Clearing Site Development – Regulations and Permits You Must Be Aware of

Clearing is an essential step in construction site development that involves removing trees, brush, and debris. It creates a safe working environment and makes it easier for contractors to excavate and lay foundations.

It is also the first step in getting a building permit. But before you get to the clearing, there are several things you should be aware of.

Zoning Regulations

The zoning regulations that must be followed when clearing site development Lexington SC is underway depend on the work being done. For example, some projects require a land use permit, while a building permit must accompany others. You’ll want to visit the various department web pages (shown in purple on the bar above) to determine your necessary permits.

You must also submit a Clearing and Grading Plan with your permit application. The plan must include erosion and sediment control facilities, a soil survey, and water quality monitoring locations. These will help ensure that the clearing and grading activities do not cause landslides, accelerated soil creep, or flood damage within or outside the project limits.

The plan must also provide the location of the mobilization area and stockpiles, which are the areas where soil will be temporarily removed from the construction site. The contractor must ensure that the stockpiles are inspected and maintained daily to prevent soil from spilling onto public right-of-way or roads.

Environmental Regulations

If you are conducting clearing or construction work on your property that will disturb more than one acre of land, you must submit a precise cutting or grading permit application. Your application will need to include a detailed site engineering plan with the following:

The site engineering plan must show the proposed structures, paving, grade changes, and stormwater management. It must also identify the locations of critical or sensitive areas, buffers, native growth protection easements, and tree retention zones. It must also contain a clear contaminant control plan (CCP), which includes a narrative, drawings, and turbidity and pH monitoring plans.

The CCP must describe the best management practices (BMPs) to prevent pollutants from being released into the environment. The BMPs must be based on the soil conditions and water quality requirements of the area where the disturbance will occur. They must also be consistent with the requirements of FDEP’s NPDES program. Slash and log storage areas should be located away from critical or sensitive areas, and the materials must be removed within a year of clearing activities.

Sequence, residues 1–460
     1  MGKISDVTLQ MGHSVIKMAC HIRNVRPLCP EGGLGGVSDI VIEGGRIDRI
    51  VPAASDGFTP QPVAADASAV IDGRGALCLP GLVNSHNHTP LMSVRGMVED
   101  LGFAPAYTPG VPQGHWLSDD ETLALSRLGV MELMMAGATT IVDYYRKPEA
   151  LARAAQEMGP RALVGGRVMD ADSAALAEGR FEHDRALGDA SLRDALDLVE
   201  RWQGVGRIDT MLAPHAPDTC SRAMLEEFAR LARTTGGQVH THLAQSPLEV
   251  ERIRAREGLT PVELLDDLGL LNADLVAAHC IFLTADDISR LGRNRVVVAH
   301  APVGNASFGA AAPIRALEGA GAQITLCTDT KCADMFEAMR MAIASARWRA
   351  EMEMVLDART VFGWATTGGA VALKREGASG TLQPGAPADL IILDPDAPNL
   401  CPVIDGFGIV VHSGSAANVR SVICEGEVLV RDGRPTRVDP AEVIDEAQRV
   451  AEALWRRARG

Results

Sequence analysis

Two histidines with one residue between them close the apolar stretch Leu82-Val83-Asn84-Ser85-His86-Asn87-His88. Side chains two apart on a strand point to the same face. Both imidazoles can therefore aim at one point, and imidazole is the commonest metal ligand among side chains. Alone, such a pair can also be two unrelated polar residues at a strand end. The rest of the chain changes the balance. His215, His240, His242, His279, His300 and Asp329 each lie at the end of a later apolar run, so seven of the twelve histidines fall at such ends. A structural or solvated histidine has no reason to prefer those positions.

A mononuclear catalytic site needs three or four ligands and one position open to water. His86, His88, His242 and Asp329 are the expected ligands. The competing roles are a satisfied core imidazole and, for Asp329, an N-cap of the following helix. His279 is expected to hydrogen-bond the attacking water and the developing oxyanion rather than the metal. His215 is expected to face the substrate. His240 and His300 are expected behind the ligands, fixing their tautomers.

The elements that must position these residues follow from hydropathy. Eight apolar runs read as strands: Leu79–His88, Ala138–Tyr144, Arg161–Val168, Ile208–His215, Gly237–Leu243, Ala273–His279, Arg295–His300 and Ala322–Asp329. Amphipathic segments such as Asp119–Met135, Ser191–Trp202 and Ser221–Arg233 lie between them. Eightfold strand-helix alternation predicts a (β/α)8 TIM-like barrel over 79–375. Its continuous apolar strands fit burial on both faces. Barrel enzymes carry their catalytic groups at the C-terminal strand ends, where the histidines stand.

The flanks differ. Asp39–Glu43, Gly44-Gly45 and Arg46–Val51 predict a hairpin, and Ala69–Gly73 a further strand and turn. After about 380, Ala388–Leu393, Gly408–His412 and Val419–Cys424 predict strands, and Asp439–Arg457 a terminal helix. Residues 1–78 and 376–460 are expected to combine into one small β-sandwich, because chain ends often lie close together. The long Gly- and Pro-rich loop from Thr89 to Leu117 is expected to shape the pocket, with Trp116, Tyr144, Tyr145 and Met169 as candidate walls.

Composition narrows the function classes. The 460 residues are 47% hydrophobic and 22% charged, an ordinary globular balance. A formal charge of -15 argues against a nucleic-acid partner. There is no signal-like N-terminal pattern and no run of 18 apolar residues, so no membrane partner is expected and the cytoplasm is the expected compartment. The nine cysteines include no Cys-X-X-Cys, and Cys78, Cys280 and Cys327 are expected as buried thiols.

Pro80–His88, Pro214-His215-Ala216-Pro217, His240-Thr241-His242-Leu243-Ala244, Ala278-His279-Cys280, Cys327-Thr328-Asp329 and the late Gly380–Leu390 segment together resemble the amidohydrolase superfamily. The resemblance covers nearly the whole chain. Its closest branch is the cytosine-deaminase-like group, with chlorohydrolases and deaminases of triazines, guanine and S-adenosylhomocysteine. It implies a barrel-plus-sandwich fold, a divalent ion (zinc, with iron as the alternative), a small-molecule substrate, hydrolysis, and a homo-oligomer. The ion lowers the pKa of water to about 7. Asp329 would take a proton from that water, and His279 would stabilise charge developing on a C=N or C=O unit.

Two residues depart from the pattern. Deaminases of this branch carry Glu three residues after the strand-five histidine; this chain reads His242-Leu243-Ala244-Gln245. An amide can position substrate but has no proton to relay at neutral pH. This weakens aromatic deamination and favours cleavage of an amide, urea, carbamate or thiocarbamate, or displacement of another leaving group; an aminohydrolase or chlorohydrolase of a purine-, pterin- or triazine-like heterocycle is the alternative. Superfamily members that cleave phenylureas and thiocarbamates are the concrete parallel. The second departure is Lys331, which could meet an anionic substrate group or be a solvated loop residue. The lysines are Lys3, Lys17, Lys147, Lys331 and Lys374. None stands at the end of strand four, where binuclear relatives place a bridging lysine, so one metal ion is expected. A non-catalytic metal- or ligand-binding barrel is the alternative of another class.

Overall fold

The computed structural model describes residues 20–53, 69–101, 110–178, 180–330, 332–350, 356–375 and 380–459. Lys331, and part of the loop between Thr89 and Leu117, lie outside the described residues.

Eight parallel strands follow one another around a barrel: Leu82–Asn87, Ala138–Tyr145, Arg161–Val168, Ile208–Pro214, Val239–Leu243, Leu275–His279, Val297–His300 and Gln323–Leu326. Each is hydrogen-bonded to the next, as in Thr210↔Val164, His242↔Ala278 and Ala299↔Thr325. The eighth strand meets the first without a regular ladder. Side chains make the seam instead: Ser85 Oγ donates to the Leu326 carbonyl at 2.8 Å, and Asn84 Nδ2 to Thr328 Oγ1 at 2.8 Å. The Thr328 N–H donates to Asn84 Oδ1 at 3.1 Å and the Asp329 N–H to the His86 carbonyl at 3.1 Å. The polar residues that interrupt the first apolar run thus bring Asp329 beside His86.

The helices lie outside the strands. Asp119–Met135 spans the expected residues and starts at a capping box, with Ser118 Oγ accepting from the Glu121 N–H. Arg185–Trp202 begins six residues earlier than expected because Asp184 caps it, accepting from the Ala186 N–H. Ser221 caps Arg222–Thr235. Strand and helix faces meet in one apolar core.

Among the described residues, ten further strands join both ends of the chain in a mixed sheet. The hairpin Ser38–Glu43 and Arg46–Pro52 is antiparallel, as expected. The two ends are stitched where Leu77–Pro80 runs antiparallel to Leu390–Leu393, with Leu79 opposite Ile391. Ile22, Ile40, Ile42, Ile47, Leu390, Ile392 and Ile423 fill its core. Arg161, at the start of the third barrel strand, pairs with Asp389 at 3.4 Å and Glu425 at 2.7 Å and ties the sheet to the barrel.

Generally, a clearing and grading permit is required for any earth disturbance or construction work. During the application process, City staff will review your plans to ensure compliance with regulations on drainage (stormwater management), critical areas, flood plain, subdivision of land, and right-of-way requirements.

STORMWATER MANAGEMENT PLAN (Applicable to All Projects)

An area map was identifying the project site and surrounding properties. Include a topographic survey showing the soil and vegetation (including common or botanical names and calipers). Also indicate the locations of all utilities on or near the construction site, including sanitary sewer, storm sewer, potable water, fiber lines/facilities, wells, and other facilities.

If needed, the erosion and sediment control plan should describe the construction methods and mitigation measures. Depending on the site’s location, soil conditions, and proximity to receiving waters, a turbidity and pH monitoring plan may be necessary. The monitoring plan should identify the monitoring locations, frequency, and duration of testing. Also, it should describe the ESC facilities for storing or disposing of contaminated materials.


Site clearing comes with numerous hazards that teams should always be aware of. Many risks must be managed or reduced, from toxic fumes produced by equipment to back issues from vibrations. Good site-clearing etiquette should also be followed to ensure the longevity and success of the project as well as for the safety of workers.

Dust shall be minimized during clearing activities by applying generally accepted dust suppressants. Although commonly used to control dust, water is only a preferred method of dust control if it cannot be used to keep sediment out of stormwater and groundwater.

Before starting any land development work on a property, a clearing permit must be obtained from the City of Jacksonville. It must be submitted with a site map, grading plan, and tree protection plan. It will ensure permits are actioned quickly and work can commence.